Belfast mother tells of "horror" of losing daughter to suicide
THE mother of a young west Belfast woman has told of the "horror" of losing her daughter to suicide, months after she asked for help with mental health issues.
Tracey Madden said her daughter, Bronagh (21) - a survivor of sexual abuse - had been "completely let down" by the health service, having been made promises of support, which never materialised.
She last night told the Irish News that she has been left "devastated" after finding mother of one Ms Madden dead at her home in Mount Eagles on Monday.
A member of Lisburn Women's Rugby Team, she had taken her own life.
Having been diagnosed with epilepsy at the age of two-and-a-half, Bronagh fought a lifetime battle with the condition, repeatedly taking seizures and being hospitalised, and despite numerous attempts to stabilise her condition with medication, it was never brought fully under control.
During some of her worst days, the former pupil at Coláiste Feirste suffered more than 100 seizures per day and was constantly battling to live a normal life.
Her epilepsy worsened during her recent pregnancy and after giving birth to her daughter Thea in September, she continued to suffer more severe seizures and was hospitalised at the end of November.
After being allowed out for a few days over Christmas, she attempted to take her own life however no immediate help was offered, her mother said.
This month, Bronagh and her mother travelled to London to meet a consultant to find out if she was a candidate for surgery for her epilepsy.
During this visit, Bronagh once again informed doctors of her mental health issues and was told a referral for an appointment with a psychiatrist would be made. However, her mother said they "never heard a thing about any referral".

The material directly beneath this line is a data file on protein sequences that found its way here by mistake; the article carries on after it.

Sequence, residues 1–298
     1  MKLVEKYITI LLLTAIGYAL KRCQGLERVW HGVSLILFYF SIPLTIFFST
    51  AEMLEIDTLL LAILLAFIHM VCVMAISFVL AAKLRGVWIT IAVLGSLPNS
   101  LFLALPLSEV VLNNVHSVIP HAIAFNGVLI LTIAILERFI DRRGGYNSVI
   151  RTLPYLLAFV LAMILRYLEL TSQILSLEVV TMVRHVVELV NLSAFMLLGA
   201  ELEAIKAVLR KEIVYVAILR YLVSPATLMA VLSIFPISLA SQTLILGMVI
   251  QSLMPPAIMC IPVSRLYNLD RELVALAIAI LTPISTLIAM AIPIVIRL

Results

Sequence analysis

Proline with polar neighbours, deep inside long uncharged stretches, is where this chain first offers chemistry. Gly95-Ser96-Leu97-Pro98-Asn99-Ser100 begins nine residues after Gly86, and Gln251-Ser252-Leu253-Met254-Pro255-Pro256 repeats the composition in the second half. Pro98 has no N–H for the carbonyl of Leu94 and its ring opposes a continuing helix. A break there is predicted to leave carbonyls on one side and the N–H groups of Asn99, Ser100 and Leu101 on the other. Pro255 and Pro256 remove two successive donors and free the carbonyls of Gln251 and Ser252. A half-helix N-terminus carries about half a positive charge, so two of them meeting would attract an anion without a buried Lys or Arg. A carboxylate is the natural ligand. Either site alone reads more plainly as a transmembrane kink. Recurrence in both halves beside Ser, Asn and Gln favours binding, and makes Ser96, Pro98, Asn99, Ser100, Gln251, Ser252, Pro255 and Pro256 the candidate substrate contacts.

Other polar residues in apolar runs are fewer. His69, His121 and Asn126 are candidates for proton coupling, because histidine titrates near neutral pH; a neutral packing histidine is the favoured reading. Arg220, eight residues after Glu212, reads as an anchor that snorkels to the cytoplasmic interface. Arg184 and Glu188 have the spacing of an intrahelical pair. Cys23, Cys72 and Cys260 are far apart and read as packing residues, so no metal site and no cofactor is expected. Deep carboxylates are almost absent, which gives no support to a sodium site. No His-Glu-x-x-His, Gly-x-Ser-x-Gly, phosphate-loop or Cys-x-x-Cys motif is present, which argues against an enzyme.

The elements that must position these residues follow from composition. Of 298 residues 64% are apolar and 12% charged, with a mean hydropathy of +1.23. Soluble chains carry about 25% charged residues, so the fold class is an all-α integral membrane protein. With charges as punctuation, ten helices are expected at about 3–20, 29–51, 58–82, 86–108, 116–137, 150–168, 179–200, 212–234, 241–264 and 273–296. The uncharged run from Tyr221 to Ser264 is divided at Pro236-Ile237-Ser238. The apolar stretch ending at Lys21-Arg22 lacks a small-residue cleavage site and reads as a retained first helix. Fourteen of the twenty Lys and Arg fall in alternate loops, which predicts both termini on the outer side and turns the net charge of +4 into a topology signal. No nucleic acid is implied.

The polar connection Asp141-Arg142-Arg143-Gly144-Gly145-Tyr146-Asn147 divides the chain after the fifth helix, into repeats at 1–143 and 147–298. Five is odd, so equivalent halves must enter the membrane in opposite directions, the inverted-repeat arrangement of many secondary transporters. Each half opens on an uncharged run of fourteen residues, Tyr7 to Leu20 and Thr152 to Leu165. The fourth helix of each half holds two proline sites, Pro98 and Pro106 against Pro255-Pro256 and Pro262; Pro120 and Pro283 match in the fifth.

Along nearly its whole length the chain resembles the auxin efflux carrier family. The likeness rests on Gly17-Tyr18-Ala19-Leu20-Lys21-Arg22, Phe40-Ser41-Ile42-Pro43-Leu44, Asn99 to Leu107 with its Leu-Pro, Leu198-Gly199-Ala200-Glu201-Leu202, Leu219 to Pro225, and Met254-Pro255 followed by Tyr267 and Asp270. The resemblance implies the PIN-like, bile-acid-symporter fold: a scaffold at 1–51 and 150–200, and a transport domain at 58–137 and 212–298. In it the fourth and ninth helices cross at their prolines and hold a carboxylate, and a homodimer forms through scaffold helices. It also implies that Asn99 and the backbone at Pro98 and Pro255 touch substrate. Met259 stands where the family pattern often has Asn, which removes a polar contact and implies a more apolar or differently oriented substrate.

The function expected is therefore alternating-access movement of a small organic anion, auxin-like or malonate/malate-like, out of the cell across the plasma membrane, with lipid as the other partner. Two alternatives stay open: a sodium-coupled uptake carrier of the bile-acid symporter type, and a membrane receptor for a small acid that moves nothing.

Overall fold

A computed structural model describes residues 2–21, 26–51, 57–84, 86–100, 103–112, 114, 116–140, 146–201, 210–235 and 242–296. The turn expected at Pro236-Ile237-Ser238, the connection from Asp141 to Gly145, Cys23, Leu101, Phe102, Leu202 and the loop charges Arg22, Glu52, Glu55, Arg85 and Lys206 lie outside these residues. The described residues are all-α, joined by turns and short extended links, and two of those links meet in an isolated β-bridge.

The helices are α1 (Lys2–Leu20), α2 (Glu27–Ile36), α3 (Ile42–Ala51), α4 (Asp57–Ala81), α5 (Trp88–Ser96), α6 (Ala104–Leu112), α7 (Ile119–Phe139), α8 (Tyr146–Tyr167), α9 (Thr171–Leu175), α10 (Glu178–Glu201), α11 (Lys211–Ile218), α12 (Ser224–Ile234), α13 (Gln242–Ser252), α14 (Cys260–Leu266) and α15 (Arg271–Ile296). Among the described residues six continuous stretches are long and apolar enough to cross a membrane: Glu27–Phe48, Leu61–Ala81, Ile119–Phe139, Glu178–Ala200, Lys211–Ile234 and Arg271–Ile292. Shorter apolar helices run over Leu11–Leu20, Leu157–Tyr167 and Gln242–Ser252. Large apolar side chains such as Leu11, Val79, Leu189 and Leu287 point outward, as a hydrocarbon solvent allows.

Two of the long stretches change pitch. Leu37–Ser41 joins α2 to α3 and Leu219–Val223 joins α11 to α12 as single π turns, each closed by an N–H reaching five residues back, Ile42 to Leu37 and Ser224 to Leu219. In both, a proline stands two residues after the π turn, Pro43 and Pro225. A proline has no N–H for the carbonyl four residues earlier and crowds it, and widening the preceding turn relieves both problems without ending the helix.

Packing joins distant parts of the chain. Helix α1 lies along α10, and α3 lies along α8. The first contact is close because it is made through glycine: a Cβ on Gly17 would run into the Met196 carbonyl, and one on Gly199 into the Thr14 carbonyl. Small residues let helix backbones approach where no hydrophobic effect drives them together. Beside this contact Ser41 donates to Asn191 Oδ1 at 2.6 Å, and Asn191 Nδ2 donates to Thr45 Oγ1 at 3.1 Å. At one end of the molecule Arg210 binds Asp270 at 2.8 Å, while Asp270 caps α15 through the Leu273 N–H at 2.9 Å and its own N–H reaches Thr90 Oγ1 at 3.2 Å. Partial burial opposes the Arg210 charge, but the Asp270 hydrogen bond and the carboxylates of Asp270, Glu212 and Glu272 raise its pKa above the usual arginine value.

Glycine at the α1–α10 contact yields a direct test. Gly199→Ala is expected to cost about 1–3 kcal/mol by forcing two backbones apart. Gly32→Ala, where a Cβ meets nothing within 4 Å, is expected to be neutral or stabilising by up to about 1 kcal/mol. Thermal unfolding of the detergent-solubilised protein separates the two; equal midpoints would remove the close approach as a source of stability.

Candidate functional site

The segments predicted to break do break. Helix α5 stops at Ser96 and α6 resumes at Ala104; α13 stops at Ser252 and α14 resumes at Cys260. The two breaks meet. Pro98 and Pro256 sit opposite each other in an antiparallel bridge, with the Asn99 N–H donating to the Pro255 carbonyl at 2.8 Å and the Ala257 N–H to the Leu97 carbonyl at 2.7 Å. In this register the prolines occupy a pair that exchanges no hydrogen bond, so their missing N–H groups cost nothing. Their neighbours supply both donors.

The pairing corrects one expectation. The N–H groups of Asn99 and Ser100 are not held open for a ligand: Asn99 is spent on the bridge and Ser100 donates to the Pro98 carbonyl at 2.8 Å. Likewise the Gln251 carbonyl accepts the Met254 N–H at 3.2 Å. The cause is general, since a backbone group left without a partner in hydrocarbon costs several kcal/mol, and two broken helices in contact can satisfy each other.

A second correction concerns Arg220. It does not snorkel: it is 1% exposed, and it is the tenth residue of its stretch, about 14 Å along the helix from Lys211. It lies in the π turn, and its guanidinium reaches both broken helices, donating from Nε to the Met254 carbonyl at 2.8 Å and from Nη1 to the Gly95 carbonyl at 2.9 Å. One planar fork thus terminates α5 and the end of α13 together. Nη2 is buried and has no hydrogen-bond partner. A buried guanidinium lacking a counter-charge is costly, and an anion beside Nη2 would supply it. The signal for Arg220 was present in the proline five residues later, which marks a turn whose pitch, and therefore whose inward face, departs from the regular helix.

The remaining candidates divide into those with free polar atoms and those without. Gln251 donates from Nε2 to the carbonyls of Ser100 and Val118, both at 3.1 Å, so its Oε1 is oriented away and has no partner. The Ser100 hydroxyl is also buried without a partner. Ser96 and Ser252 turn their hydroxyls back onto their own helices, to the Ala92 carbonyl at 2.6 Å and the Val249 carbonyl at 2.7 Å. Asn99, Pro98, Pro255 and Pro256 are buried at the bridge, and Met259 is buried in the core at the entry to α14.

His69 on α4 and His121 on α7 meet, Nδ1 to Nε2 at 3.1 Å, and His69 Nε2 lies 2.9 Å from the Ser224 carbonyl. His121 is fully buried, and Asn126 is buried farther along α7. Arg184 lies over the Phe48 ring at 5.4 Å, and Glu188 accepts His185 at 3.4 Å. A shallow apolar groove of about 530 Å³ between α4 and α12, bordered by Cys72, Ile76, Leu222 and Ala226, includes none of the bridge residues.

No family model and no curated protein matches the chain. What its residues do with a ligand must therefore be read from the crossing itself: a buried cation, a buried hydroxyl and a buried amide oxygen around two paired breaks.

As well as the effects of her severe epilepsy, Bronagh was also struggling as a result of sexual assault.
Ms Madden said her daughter had "anger inside her" about the issues.
The mother-of-two said she had been left "devastated" by the sudden death of her daughter.
"To come up home and find your child, isn't something I would wish on anybody," she said.
"It's like a horror film. It's just something you don't want to see".
"The epilepsy got her down but again, she had asked for help and help wasn't available. Help should be there for anybody. They just don't have it available. I don't think they take mental health seriously enough.
"She was completely let down. I just felt we were fighting a losing battle. The seizures were never going to be under control. There was nothing they could do for her. In recent months, her whole personality changed".
She added: "Just watching her go down hill in pain and just watching how she tried to reason things, you just felt lost.
"The thing I will always remember, even though in her short life, she had so much to deal with and contend with, it never held her back. She got all of her GCSEs, then did A-levels. Nothing seemed to faze her".
Luke Madden described his sister as "always really bubbly".
"She loved to laugh," he said.
"She really loved Disney. She loved a joke. She used to say even though she had epilepsy, it didn't have her. Recently, she didn't seem to get a break at all."
Luke, who asked all those attending Bronagh's funeral to wear her favourite colour, purple, described his sister's sudden death as "so surreal".
"It's just completely shocking," he said.
Lisburn Women's Rugby also paid tribute to their team mate, describing how Bronagh was "what rugby was all about".
"Our team is mourning a beautiful soul, who always had a smile on her face and a kind word to give. Bronagh showed so much dedication to our team on and off the pitch. We will miss her dearly".
A prayer service for Bronagh Madden will take place today at Christ the Redeemer Church at 11.30am. Following this, a service will take place at Roselawn Crematorium at 2pm.
:: Anyone in need of help can contact Lifeline on 0808 808 8000